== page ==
When choosing a fertilizer for your garden or container plants, you want to make sure the plants are getting the nutrition they need, but there are so many choices when selecting a fertilizer blend. Fortunately, there are rules that all fertilizer makers must follow in labeling products, and understanding the rules makes comparing fertilizers easier.
NPK on a fertilizer package stands for nitrogen, phosphorus, and potassium, the three nutrients that compose complete fertilizers. While the description of the fertilizer may not expressly say "NPK," you will see a series of three numbers, often separated by dashes. These numbers correspond, respectively, to the percentage of nitrogen, phosphorus, and potassium in that fertilizer.
For example, if you purchase a 10-pound bag fertilizer labeled 5-10-5, it contains 5 percent nitrogen, 10 percent phosphorus, and 5 percent potassium by weight. The remaining 80 percent of the bag's weight is comprised of minor nutrients or fillers.
The Importance of NPK
Not all types of plants have the same nutrient requirements, and you can sometimes do more harm than good when applying supplements haphazardly. Applying a fertilizer high in nitrogen will cause certain plants to put all their energy into producing foliage at the expense of flowers.
If you have not had your soil tested and do not have a good grasp of how well your soil is meeting the nutritional needs of a plant but still feel the need to feed it at a particular time, you should:
- Use compost instead of chemical fertilizer.
- Apply a slow-release fertilizer, which is less likely to harm plants to any great degree.
You can get by with a smaller quantity of fertilizers that have high analysis numbers than those with lower numbers. In other words, five pounds of 10-20-10 fertilizer gives the same nutrient value as 10 pounds of 5-10-5 fertilizer.
Role of Each Plant Nutrient
Here's a brief look at what each nutrient contributes to plant growth.
Nitrogen, the first number referenced in an NPK sequence, plays a key role in a plant's coloring and chlorophyll production, making it an important factor in leaf development. Fertilizers high in nitrogen are often used for grass or other plants where green foliage growth is more important than flowering. At the opposite end of the spectrum, gardeners sometimes encounter the problem of nitrogen depletion—the yellowing of typically green plants often indicates a nitrogen deficiency.
The middle number in an NPK series refers to the percentage of phosphorous in the fertilizer product. Phosphorus plays a key role in the growth of roots, blooming, and fruiting, which is why it is an essential nutrient for your plants in spring. Phosphorus contributes to many fundamental plant processes, such as rooting and setting flower buds.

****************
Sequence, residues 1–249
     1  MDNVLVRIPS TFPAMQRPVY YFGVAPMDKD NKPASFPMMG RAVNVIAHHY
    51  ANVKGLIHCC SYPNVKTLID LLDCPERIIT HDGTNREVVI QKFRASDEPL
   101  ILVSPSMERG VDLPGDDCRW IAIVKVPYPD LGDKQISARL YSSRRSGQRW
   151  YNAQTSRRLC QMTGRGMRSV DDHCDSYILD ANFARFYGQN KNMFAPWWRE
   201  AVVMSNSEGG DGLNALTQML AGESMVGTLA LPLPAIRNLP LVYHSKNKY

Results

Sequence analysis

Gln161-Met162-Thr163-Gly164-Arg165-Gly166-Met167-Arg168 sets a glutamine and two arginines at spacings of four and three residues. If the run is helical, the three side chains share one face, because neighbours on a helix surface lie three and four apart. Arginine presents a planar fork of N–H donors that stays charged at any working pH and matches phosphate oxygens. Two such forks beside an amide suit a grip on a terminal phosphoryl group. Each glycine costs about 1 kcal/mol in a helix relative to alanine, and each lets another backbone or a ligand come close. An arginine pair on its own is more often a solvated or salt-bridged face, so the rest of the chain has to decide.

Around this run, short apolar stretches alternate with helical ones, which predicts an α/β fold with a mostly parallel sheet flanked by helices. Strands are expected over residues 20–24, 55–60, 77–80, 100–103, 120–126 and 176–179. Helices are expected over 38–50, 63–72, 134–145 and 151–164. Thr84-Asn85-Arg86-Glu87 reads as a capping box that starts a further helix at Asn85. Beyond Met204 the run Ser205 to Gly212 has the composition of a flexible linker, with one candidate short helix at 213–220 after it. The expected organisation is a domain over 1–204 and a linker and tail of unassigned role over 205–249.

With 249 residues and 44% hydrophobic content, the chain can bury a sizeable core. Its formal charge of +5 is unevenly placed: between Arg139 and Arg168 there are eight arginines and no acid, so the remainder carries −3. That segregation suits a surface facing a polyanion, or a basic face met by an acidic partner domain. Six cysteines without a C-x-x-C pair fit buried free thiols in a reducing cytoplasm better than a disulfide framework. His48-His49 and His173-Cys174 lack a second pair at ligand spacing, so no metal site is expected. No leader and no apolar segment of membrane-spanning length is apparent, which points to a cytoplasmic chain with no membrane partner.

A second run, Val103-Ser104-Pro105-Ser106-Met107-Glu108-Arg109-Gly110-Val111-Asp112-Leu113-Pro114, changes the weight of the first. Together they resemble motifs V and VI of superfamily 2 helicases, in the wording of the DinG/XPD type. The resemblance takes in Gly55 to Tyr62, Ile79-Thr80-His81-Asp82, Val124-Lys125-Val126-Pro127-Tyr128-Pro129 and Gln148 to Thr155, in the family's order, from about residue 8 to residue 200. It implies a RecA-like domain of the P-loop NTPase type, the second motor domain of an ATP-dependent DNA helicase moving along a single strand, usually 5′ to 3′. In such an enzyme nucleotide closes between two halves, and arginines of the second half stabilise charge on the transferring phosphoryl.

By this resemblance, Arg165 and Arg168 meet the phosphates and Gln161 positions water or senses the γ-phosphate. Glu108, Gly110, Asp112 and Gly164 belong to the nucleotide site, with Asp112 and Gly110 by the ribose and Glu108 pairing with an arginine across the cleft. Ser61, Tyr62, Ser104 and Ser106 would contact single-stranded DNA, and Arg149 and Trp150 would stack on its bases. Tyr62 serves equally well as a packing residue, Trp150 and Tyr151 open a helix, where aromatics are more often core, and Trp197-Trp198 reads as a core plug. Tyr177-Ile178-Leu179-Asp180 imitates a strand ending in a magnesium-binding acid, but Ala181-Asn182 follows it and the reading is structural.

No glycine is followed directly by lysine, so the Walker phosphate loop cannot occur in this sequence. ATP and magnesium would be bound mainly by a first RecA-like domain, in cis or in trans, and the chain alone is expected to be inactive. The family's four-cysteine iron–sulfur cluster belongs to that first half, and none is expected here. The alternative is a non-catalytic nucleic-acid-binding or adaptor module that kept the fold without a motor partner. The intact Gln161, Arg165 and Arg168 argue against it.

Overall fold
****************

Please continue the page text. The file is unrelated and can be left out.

The final number in the major ingredients listing gives the percentage of potassium in the product. Potassium contributes to the overall health and vigor of plants. It is known to help strengthen plants' ability to resist disease, assist in the movement of water and nutrients in the plant, and can be especially important in areas that experience cold or dry weather.
Balanced or Complete Fertilizers
Complete fertilizers or so-called balanced fertilizers have equal amounts of NPK. A fertilizer listed as "10-10-10" would be considered a balanced fertilizer because of the equal proportions, while one listed as "10-0-10" would not be considered complete, but referred to as an "incomplete fertilizer."
An incomplete fertilizer is not necessarily inferior to a complete fertilizer. Identifying the right fertilizer for your needs depends on a variety of circumstances. If your soil already has an excess of one of the three nutrients in NPK, you could actually be harming some of your plants by adding more of it to the soil—in this case, an incomplete fertilizer may actually be the right choice for you. It's yet another reason why it's so important to have your soil tested. Otherwise, whenever you add anything to your soil, the effect (whether positive or negative) is left to chance.
In addition to the major nutrients that are usually noted on the front label, most fertilizers also include additional ingredients that are listed on a side or back label. This may include other nutrients like calcium, magnesium, iron, micronutrients, and even the percentage of organic matter and fillers. Although the minerals and micronutrients are less critical than the major nutrients, a good fertilizer product will include small amounts of other ingredients as well.
Avoid over-fertilizing your plants, especially lawns. Nutrients that aren't taken up by plants may run off into sewer systems and rivers, leading to serious pollution problems.
Products labeled as organic fertilizers must specify which of the nutrients are organic, and they must be identified as either synthetic and/or natural, by percentage. For example, you might read "20 percent of nitrogen (6 percent synthetic, 14 percent organic)."
Strictly speaking, "organic" material is anything that contains carbon atoms. However, in popular usage, we have come to expect that organic fertilizers, like organic food, are manufactured by natural processes and contain nothing synthetic. That tends to be the case with most commercial products, especially as consumers become more educated, but be sure to read the label before you make a purchase.
Keep in mind, organic fertilizers made from natural ingredients often have lower concentrations of the three major nutrients, so you will need to use larger amounts. However, they do contain many other nutrients that feed both the plant and the soil. If using synthetic fertilizer, you should supplement with some type of organic matter, such as compost or manure, to maintain soil health.